At JavaOne 2017 this year, Oracle announced and open-sourced its own serverless paltform called Fn Project. In this article, we will have a first look on Fn Project and what it offers to developers.
According to the project homepage, Fn is a container native serverless platform for running functions. Maybe it is a bit too far fetched to call it a platform, however, it is a suite of tools, programs and libraries that allow for writing, testing and deploying functions on a FaaS (function-as-a-serivce) platform like AWS Lamda. You’re not forced to do so, you can also run the functions locally or in any other public or private cloud (so you can run them basically everywhere).
Although coming from Oracle, Fn does not only support Java but basically every programming language according to the documentation. The
fn init command however shows the following platforms/file extensions:
.js, .rb, .py, .java, .go, .php, .rs, .cs, .fs.
It’s important to understand that the basic building block of Fn are containers. Every function defined is written and tested as a separate function and packaged in its own container. To be more precise, currently Docker is the primary technology for packaging and distribution (to Docker registries). However, according to Fn’s github FAQ, the tool is build in a way so that it abstracts the actual container technology.
The First Function
Let’s have a look how functions can be defined. One part of Fn is the command line tool (CLI). In order to install it locally you can run
or you might instead want to download the binary distribution
Once the script or binary is installed, you can run
This will fire up a local server including an embedded database and message queue. Imagine this server as a conceptual container routing to your functions. It also provides a function API for querying meta-data and executing other operations on behalf of the registered functions. The server is again a Docker container and it uses the image “fnproject/functions” for running the function container. Once started, you can access Fn functions under
There is also a Docker image providing a graphical user interface for Fn, you can launch it with
It provides a dashboard and a link to the Swagger Fn Function API documentation.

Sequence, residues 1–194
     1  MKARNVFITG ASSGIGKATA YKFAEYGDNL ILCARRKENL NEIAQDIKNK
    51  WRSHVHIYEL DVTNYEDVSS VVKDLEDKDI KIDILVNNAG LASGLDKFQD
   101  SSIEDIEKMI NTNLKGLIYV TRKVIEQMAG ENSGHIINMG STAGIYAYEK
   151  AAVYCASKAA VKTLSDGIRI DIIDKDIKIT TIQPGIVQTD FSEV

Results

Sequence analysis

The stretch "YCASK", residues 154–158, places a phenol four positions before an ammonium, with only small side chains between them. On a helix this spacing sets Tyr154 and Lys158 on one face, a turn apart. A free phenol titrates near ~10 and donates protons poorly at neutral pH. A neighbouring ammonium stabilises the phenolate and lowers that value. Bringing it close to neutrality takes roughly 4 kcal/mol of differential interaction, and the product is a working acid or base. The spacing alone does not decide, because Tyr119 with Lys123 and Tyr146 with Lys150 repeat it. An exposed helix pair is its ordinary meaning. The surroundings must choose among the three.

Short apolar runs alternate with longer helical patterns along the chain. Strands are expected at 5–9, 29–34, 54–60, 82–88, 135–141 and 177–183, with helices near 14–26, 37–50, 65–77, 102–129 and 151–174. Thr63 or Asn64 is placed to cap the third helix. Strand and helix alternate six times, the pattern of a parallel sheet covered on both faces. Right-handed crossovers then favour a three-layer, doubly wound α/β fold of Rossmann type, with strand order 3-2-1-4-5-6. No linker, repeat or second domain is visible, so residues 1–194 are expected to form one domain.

Now we add our first function in Java and create the initial project structure with
We specify the runtime type directly here, we could have also created our function first to let Fn determine the runtime type automatically, however, for runtime Java it is better to specify the runtime directly.
The resulting project structure is
Fn uses Maven in the background for packaging the function, so that’s why the directory layout should look familiar to readers of this blog.
That’s how the generated
HelloFunction.java looks like:
When we run this function with
fn run, we get the following output
As you can see, it builds a Docker image from our function and directly runs it as a container, resulting in the
Hello, world! output in the last line. What we just saw is the basic concept of Fn. Package a function into a container and whenever this function is requested, run the container to execute the function. As we said in the beginning, the container is really the basic building block.
func.yaml contains the function configuration. You can see that
HelloFunction::handleRequest is defined as an entry point, together with the version string and the runtime type:
There is more to configure than that but for our first example this should be okay.
fn run just executed our function, however, that was only for testing the function output. Let us deploy the function to our function container running on
localhost:8080. Deploying a function register the function in the function container and creates a so-called route to the newly registered function. After this route is created, the function container news about the function and it its execution can be requested via a REST call.